- European stocks are set for a mixed handover from Asia-Pacific after the Pentagon added more Chinese firms to a blacklist of alleged Chinese military companies.
LONDON — European markets inched higher on Friday as investors monitor prospects of a U.S. stimulus package and a last-minute Brexit trade deal.
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The pan-European Stoxx 600 gained 0.3% by afternoon trade, with oil and gas stocks climbing 2.6% to lead gains after OPEC+ members agreed on Thursday to increase production by 500,000 barrels per day beginning in January. Retail stocks declined by 0.7%.
European stocks received a mixed handover from Asia-Pacific after the Pentagon added more Chinese firms to a blacklist of alleged Chinese military companies.
Sentiment took a hit Thursday after a Wall Street Journal report said that supply chain challenges had caused Pfizer to slash its coronavirus vaccine rollout estimates for 2020. Still, Pfizer and BioNtech are on track to roll out 1.3 billion vaccines in 2021 and the 50 million dose shortfall this year will be covered as production ramps up, the report said.
Meanwhile, Moderna said Thursday that it expects to supply up to 125 million doses of its experimental vaccine around the world in the first quarter of 2021.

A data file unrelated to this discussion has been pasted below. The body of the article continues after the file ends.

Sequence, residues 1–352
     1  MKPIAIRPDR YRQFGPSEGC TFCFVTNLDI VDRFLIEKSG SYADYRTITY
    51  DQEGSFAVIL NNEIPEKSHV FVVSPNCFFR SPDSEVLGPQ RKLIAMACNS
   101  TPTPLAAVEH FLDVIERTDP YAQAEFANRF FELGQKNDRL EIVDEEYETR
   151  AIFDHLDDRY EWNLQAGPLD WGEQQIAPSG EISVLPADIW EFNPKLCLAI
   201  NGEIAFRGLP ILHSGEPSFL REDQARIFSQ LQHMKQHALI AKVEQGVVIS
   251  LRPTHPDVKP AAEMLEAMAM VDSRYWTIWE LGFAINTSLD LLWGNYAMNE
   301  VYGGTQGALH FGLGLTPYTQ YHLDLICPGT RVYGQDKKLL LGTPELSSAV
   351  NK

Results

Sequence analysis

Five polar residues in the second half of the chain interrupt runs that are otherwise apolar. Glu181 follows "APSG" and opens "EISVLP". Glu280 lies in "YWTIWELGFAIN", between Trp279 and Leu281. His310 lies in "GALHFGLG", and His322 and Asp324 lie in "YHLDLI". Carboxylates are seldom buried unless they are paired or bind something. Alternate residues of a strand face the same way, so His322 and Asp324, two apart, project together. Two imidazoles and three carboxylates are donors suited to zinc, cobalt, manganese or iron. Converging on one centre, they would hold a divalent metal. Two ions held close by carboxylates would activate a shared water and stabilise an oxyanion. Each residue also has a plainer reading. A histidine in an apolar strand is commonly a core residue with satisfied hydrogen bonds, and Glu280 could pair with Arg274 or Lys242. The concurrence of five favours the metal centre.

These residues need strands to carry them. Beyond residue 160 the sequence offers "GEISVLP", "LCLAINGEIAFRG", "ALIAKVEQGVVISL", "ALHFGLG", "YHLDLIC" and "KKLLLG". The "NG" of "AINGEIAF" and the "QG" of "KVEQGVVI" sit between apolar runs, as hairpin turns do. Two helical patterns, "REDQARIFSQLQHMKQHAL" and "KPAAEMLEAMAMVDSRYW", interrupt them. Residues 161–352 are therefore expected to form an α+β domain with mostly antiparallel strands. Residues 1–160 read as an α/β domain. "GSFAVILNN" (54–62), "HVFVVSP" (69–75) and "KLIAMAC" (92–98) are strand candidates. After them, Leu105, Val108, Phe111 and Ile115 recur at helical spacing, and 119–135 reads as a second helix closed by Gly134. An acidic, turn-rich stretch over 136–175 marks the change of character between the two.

U.S. stock futures pointed higher Friday morning ahead of a key November jobs report that will indicate the pace of the labor market recovery in the world’s largest economy. Investors may also be heartened by apparent progress toward a stimulus package, with a $908 billion coronavirus aid plan reportedly garnering bipartisan support late on Thursday.
Back in Europe, representatives from the U.K. and EU talked on Thursday in the hope of securing a trade deal before the Dec. 31 deadline. However, the Financial Times has reported that Britain is accusing France of making new demands at the last second, diminishing the chances of a deal being agreed by the end of the week.
Shares of Danish pharmaceutical company H. Lundbeck jumped 6.3% by mid-afternoon to lead the Stoxx 600 after UBS rated it as a top pick for 2021. At the bottom of the index, Swedish investment firm Latour plunged more than 12% after its majority owner announced the sale of 10 million shares in the company.
-CNBC’s Yun Li contributed to this report.